2016 might well have been the year of the foil in offshore sailing writes solo sailor Thomas Dolan. Here the sole Irish 'Mini Classe' competitor assesses some of the latest developments from his base in France and asks will a 'foiler' win the Mini–Transat this year?
Armel Le Cleach decimated the record of the Transat Bakerly and then the Vendee Globe and silenced once and for all the argument about foils in the Open 60 Classe. Even though it will be interesting to know exactly how much of the time the leaders actually used them in the deep south, it is certain that they were a key factor in the descent of the Atlantic Ocean which allowed the lead group to propel themselves into a weather system ahead of the rest never to be caught.
But some may forget or simply not know, that when Banque Populaire first began to research and develop it’s foils, they turned to the laboratories of offshore sailing. Where many have turned for almost 40 years, where we have perfected canting keels, elongating keels, swinging masts and swinging rudders in the Mini Transat 650.
In 2015 the Classe Mini formally allowed appendices on prototype boats to extend outside the 3m box rule once the starting gun had fired. The aim was to ensure that there would be a number of foiling mini’s on the start line this year. There has been a lot of progress made, and numerous skippers planned or will be planning something either for this edition or the next. Here’s a little run down of whats been going on in an effort to try and answer the big question of will a foiler win the mini transat in 2017!
Arkema: The 900 is packed full of innovations, it’s largest one is probably not even the tilting foils with which it is equipped but the fact that it is built of what the chemical company claim to be a recyclable resin, which some day may allow boats to be properly recycled at the end of their life. Other innovations include a self-supporting (no shrouds) wing mast, a bow sprit that retracts into the boat and can be orientated with a pivoting forestay and then of course there are the foils. The system to orientate each foil is not new, the team took the same system that has been used for many years on canting keels, allowing the foils to be adjusted, trimmed and retracted into the boat when need be. These innovations are impressive but they have left the boat with a handicap, its weight. The 900 comes in at a little over one ton, which is a lot for a prototype, almost 300 kilos more than some of the lighter boats. Word is that in a flat sea the boat does lift a little on its foil but it is yet to be known if in a heavy sea it will be able to keep up the average speeds needed to win the mini. Will it hop up and down on the swell? Foiling briefly then nose diving into a wave? Will the autopilot be able to perform? After all in single–handed offshore racing it’s an averages game.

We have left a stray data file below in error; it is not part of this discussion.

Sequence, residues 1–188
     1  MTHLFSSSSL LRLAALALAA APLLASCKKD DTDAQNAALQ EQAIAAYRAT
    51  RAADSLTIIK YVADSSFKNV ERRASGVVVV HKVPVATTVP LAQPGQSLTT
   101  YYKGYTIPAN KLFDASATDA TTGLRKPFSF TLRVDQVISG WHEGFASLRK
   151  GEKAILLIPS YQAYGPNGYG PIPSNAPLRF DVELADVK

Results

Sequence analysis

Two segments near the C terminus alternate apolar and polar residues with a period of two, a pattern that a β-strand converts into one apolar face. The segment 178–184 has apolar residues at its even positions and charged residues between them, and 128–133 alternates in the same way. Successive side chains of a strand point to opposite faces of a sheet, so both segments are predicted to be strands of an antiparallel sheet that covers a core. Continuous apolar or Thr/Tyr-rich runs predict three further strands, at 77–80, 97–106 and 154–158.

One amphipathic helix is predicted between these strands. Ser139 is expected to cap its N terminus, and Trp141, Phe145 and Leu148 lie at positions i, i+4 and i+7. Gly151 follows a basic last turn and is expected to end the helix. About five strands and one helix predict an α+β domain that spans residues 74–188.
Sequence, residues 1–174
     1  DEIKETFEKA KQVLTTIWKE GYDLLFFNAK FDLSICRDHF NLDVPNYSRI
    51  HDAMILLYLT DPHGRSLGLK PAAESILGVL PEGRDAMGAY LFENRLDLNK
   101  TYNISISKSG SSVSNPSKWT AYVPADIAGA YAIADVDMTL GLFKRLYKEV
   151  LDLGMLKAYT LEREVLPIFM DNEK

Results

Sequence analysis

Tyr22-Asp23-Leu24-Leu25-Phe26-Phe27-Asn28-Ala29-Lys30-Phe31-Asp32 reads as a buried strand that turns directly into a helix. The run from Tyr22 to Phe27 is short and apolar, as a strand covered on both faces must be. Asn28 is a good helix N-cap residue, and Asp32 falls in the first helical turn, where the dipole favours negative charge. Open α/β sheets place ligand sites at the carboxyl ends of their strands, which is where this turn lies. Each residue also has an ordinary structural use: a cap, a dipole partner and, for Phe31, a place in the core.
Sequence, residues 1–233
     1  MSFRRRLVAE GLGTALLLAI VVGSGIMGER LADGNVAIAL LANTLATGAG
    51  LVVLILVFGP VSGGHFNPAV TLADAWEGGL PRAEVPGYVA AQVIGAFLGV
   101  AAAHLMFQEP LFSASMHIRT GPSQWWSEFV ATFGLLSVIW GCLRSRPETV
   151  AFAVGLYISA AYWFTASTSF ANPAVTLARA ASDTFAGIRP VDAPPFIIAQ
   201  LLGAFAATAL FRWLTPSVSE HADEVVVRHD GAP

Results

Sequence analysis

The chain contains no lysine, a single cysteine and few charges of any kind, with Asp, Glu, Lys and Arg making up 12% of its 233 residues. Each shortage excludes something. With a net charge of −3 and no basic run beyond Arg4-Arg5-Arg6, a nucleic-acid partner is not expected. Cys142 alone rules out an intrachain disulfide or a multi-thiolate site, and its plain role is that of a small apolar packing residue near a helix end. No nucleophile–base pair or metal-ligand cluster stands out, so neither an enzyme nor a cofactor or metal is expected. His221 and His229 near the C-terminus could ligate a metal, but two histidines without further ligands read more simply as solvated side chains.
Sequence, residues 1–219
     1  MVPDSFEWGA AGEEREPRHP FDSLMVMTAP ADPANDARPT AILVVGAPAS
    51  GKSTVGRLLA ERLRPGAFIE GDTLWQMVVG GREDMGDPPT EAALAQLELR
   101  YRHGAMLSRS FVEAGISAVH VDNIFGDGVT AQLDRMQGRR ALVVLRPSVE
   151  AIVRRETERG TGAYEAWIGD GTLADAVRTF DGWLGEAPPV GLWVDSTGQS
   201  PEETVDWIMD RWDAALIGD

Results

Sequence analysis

747: The Flying Mini. Whereas Arkema never said the aim was to fly, from the get–go their interest in the foil was to increase the righting moment and therefore the power of the boat while allowing it to lift and plane sooner. The aim of SeaAIR and the 747 has been to make a flying mini, and they have succeeded. The foil they use is much larger and a lot closer to what is known as a DSS (dynamic stability system) basically a wing with no tip that extends out from the side of the boat. The team are very much in the Research and Development stage of the project but the results are impressive, after just four outings they have flown each time. In as little as 8 knots of true wind speed the boat has lifted out of the water. When not in use the foils are stored by sliding them up to deck level, just like traditional dagger boars. The problem this brings is that the added weight up high means that the righting moment of the boat may not be enough to meet the classe mini’s specifications. This can perhaps be rectified by adding weight to the keel, but do they want to? Another impractical problem is due to the space occupied by the foils when in ‘up’ position is that the head sail cannot be sheeted in, so going to windward could prove complicated without reducing sail area. But it is the first one that actually flies!